asian factories are not a Kiesel type shop, where brands jsut select certain specs and be done. They are a "you tell me what to build and we would do so"..... with certain restrictions like getting enough blanks of wood X in order to mass produce a guitar. You can use their in-stock stuff, or you can actually tell them "please use this type of woods from this supplier, Im sending you the tops, Im sending you the hardware for my guitars, only use X quality of woods.... ect ect

    they can build you a 300$ guitar with minimal specs using the cheapest hardware in gloss black with minimal QC using the cheapest discarted wood they have laying down in the factory..... or they can build you a 2500$ guitar with the top of the cream specs that you can dream off, in terms of colors/woods/hardware/construction/QC/ect Its up to the brand to decide where to draw the line. As you dont want your asian made guitar to be the same quality as your main country HQ is (or to the other asian factory you use), you dont want to compete with yourself.

    in simple terms, a Korean factory wont be like "whatever you want us to build would be X price". nope nope nope. It is like any other shop, custom shop, the more you add, the more is gonna cost you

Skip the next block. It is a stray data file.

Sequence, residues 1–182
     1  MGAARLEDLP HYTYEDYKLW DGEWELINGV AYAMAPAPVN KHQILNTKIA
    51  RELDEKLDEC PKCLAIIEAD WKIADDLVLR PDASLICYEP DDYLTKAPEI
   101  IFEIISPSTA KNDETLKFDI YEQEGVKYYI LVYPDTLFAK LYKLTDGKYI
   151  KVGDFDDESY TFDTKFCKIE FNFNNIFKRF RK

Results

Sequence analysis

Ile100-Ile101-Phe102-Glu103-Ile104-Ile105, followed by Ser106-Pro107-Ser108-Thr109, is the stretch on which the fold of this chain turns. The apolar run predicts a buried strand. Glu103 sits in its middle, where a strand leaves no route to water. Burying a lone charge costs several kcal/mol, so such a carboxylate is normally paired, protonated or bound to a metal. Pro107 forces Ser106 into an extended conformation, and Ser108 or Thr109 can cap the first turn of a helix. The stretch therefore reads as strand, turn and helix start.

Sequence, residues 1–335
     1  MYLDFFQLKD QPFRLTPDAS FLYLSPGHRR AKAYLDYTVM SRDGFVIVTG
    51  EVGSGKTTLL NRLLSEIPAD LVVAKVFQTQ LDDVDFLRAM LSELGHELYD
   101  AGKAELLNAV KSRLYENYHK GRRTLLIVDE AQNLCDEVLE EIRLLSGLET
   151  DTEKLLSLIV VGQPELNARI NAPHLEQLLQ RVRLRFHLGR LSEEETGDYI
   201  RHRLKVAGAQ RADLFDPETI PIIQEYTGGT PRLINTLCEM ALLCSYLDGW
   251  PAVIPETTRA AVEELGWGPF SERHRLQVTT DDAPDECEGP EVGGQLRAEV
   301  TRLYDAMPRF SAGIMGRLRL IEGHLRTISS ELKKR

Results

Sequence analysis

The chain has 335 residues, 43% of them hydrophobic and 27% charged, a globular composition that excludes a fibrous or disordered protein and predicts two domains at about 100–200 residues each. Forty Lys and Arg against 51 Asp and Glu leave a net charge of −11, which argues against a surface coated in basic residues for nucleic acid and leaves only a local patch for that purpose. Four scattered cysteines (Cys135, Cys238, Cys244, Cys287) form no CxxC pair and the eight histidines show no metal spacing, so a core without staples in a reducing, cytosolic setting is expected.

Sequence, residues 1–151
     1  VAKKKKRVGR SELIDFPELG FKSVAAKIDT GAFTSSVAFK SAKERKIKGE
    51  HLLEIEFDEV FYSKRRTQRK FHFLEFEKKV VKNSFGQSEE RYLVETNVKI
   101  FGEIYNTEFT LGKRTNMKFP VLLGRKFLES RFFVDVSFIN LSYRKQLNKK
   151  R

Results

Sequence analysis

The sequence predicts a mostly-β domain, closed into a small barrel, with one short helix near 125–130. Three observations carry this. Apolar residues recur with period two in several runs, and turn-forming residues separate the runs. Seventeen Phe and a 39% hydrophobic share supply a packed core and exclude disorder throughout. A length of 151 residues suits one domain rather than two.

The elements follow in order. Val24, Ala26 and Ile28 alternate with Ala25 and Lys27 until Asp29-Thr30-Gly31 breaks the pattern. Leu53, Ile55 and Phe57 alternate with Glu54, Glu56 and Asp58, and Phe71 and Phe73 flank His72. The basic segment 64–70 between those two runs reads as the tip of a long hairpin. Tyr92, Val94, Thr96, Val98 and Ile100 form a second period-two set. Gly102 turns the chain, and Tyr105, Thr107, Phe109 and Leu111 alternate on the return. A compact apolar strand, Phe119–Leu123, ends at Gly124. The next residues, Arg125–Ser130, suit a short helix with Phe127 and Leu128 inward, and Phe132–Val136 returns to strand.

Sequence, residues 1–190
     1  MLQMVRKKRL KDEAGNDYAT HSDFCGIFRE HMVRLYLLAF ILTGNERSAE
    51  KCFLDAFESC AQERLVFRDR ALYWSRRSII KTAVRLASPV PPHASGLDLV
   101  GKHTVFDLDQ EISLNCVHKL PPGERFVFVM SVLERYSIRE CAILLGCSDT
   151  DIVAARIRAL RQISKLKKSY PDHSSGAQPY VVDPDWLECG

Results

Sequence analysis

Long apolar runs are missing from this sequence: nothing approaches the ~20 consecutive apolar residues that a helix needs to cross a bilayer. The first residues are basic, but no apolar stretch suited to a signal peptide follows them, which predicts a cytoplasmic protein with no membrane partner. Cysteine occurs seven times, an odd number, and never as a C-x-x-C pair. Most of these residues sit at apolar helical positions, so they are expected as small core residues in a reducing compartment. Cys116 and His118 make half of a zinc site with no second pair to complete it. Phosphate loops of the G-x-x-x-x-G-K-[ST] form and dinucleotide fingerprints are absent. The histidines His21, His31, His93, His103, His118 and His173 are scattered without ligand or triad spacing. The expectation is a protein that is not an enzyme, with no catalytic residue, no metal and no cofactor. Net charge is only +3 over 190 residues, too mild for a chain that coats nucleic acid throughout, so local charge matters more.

just because LTD has a basic korean model at 500$ doesnt mean that every single guitar made in the same factory HAS to cost the same. Not every guitar cost the same to make
     
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  6. _MonSTeR_

    _MonSTeR_ SS.org Regular

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    It's all about companies pricing things at certain levels based on what sold last year. Every company along the supply chain will try to maximise their profits unless offering a product as a loss leader. The fact that the next iteration of certain guitars are continuing to be sold at increasing prices effectively proves that the market thinks it's a fair deal.
     
  7. Flappydoodle

    Flappydoodle SS.org Regular

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    Lots of things go into the price

    One thing is marketing. Making something more expensive generally means that people will think it's better. Then you play that off against the cost deterring customers. So far, the market is apparently bearing higher prices. Actually you see that in many industries. The iPhone gets $100 more every year now.

    Obviously there's some raw material cost - like "exotic" woods will add a bit of extra. Brand name hardware is usually imported, so those costs will be relatively fixed. I think manufacturers pay roughly 1/3 of the street cost.

    Labour cost in Indonesia is cheaper the the US/EU, for sure. Quality isn't inherently worse. It depends on how much oversight the parent company has, how much QC they enforce etc (obviously guitars which fail QC are a huge cost for the company).

    $2,500 is outrageous for an Indonesian-made guitar, BUT they have the intellectual property of the neck profile. So that's a marketing thing. If you want that neck, then you have no choice but to pay what they ask. They'll be making huge margins.